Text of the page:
Inflation in the United States vs. Europe – A Tale of Two Continents

Yes, inflation is currently a global phenomenon

Global supply factors related to supply chain disruptions and energy markets (see Chart 1 below) clearly explain much of the recent rises in key inflation measures in advanced economies . The persistence of this inflationary pressure is due to factors such as production or transport bottlenecks and rising input prices.

These factors are mostly global in nature, and since they are supply rather than demand driven, domestic monetary policy actions are likely to have only a limited effect on them. In short, the sooner there is an easing of tensions in supply chains, the sooner we will see inflationary pressures fade everywhere.

Figure 1: Pressures on the global supply chain remain high, but may have started to moderate – the graph shows the evolution of the global supply chain index between September 1997 and December 2021

Source: Federal Reserve Bank of New York, as of 04/02/2022

Important differences between the United States and the euro zone

Beyond these global factors, there are fundamental differences, particularly in labor markets, which lead us to believe that it is inappropriate to transpose the outlook for inflation in the United States to the euro zone (the situation of the UK being, not the first time, somewhere in between).

We consider the US economy to be at or already below full employment. The labor market is tight with approximately 10.5 million open positions. Fed Chairman Powell’s comments after the FOMC meeting at the end of January suggest to us that policymakers have concluded that inflation is becoming cyclical and persistent.

We therefore expect the FOMC to raise the federal funds rate by at least 0.25% at each of its seven policy meetings in 2022 and continue in 2023 until US policy rates reach 2 .5% (in line with the Fed’s view of “neutrality”). .

With the FOMC’s core inflation forecast above target throughout its forecast horizon and likely to be revised upwards if wages do not moderate in the coming months, it is all quite possible that rates should enter restrictive territory.

A warmongering tone at the ECB

President Lagarde, meanwhile, struck a clearly hawkish tone on upside inflation risks in the eurozone at the ECB’s February 3 press conference. Policy action is not imminent, but the ECB clearly sees inflation risks now on the upside. She noted that inflationary concerns were “unanimous” among Governing Council members as recent data on high headline inflation, still driven by energy, shows broader inflationary pressures extending to the basics. of the basket.

An upward trend in core inflation, together with expectations of further improvements in the labor market and inflation expectations stabilizing around the target, suggest that the ECB now views inflation as stabilizing at elevated levels for some time, potentially a precondition for a rate hike.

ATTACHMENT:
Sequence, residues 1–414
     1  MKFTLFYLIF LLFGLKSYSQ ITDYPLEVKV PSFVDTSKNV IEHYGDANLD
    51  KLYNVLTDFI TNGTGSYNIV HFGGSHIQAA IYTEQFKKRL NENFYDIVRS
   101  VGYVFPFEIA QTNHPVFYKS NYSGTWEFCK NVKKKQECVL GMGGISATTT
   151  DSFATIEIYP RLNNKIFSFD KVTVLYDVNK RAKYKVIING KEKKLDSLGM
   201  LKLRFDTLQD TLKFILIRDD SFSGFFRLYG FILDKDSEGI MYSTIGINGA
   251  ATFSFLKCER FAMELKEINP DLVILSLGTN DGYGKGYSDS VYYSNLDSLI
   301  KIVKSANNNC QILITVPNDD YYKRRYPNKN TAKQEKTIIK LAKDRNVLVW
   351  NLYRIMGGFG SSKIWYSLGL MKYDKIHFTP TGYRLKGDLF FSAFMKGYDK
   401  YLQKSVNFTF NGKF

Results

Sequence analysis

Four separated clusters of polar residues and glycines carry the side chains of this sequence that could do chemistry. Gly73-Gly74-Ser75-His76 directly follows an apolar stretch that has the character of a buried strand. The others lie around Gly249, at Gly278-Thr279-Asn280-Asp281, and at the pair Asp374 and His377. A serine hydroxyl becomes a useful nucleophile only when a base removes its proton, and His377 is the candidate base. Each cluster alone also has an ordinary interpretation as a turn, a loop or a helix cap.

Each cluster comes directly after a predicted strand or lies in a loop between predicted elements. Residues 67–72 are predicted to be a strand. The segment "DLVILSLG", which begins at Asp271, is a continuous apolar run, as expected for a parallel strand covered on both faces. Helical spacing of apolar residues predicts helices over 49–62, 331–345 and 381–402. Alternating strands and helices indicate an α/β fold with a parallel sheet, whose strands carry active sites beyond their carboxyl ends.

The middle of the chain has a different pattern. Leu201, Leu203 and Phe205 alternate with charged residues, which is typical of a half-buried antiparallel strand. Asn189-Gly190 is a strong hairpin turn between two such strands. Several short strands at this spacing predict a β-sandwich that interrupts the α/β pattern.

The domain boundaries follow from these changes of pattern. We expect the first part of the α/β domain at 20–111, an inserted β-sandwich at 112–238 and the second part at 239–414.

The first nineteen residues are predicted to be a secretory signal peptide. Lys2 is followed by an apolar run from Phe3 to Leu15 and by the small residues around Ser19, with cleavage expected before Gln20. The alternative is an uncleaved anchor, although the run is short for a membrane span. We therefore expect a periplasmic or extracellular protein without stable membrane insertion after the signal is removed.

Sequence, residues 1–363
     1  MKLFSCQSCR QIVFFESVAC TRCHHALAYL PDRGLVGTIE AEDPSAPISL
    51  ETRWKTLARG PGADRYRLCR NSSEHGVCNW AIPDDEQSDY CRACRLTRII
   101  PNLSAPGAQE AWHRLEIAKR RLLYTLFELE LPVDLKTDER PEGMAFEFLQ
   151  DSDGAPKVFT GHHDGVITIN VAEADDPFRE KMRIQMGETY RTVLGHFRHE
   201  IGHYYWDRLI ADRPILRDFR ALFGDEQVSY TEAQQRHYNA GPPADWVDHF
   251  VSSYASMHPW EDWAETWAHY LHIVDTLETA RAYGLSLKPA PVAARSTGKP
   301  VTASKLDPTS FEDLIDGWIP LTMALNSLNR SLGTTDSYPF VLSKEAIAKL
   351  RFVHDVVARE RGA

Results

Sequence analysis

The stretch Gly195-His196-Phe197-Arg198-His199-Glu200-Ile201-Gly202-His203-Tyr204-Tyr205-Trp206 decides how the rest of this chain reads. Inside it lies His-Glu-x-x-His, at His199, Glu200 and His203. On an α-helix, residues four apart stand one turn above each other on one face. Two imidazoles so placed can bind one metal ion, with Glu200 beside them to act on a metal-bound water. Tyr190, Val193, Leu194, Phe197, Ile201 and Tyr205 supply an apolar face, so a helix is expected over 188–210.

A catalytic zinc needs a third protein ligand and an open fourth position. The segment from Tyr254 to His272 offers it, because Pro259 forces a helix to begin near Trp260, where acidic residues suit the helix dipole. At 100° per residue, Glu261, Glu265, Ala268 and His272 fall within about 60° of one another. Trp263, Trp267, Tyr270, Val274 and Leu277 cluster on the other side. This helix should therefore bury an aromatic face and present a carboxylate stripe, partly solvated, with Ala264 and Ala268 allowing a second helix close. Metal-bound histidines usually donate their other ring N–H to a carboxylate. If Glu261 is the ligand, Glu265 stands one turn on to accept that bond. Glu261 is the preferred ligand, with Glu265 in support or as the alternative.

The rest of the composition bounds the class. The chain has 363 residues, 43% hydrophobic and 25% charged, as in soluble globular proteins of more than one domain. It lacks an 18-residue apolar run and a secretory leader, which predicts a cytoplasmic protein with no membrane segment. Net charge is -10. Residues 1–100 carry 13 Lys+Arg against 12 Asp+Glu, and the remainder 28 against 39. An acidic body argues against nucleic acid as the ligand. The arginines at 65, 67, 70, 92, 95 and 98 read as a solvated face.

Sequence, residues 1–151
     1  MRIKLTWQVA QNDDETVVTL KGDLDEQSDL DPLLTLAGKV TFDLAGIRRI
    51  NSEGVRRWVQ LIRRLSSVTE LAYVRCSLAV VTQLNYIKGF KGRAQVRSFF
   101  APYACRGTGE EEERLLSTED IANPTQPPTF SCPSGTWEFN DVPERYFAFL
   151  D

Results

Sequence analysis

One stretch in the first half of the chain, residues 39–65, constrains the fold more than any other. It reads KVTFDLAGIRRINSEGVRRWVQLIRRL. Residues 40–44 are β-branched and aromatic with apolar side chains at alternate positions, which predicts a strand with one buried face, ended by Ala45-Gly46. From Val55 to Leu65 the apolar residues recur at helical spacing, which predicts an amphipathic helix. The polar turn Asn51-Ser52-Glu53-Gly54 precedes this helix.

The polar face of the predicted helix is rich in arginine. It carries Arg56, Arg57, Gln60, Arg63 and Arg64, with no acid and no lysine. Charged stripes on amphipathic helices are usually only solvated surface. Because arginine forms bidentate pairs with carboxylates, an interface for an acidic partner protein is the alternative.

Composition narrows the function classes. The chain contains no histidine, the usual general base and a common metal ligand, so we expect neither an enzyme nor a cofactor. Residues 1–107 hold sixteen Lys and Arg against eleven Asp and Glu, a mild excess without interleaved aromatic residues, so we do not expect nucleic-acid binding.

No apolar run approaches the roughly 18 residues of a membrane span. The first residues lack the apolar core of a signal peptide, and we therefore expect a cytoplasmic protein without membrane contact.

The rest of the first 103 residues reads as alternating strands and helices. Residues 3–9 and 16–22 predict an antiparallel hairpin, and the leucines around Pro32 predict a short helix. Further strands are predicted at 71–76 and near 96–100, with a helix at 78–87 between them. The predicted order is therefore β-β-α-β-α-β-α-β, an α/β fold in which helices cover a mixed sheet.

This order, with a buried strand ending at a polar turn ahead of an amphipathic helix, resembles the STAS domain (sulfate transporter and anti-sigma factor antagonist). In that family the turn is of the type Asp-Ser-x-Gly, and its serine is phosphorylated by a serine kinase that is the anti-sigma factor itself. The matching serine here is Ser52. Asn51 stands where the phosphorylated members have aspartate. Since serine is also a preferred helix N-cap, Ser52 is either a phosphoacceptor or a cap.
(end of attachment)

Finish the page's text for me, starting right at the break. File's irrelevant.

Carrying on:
Of particular note is a change in language on rate hikes, as Lagarde no longer calls a 2022 hike “highly unlikely,” but instead stresses that any decision will be data-driven.

The ECB will do less than the Fed

In our view, due to a significantly wider output gap and a greater slowdown in labor markets, the ECB is not about to embark on a cycle of rate hikes of the same magnitude. we expect from the Federal Reserve.

As the European labor market tightens, real wage gains are unlikely to greatly outpace productivity gains – wage increases will be part of the price adjustment rather than the trigger for a wage-price spiral.

In the United States, on the other hand, the acute labor shortage is much more conducive to an acceleration in wages which could lead to important pass-through and second-order effects.

As a result, while the ECB may take its foot off the accelerator in the coming months, we think the Fed is much more likely to be the central bank that needs to step on the brakes.

Nevertheless, with the ECB, the Fed and the Bank of England now all heading towards shrinking their balance sheets and raising policy rates, investors should be prepared for higher real yields and a reversal of the effects on the portfolio balance.

All opinions expressed herein are those of the author as of the date of publication, are based on available information, and are subject to change without notice. Individual portfolio management teams may have different views and make different investment decisions for different clients. The opinions expressed in this podcast do not constitute investment advice.

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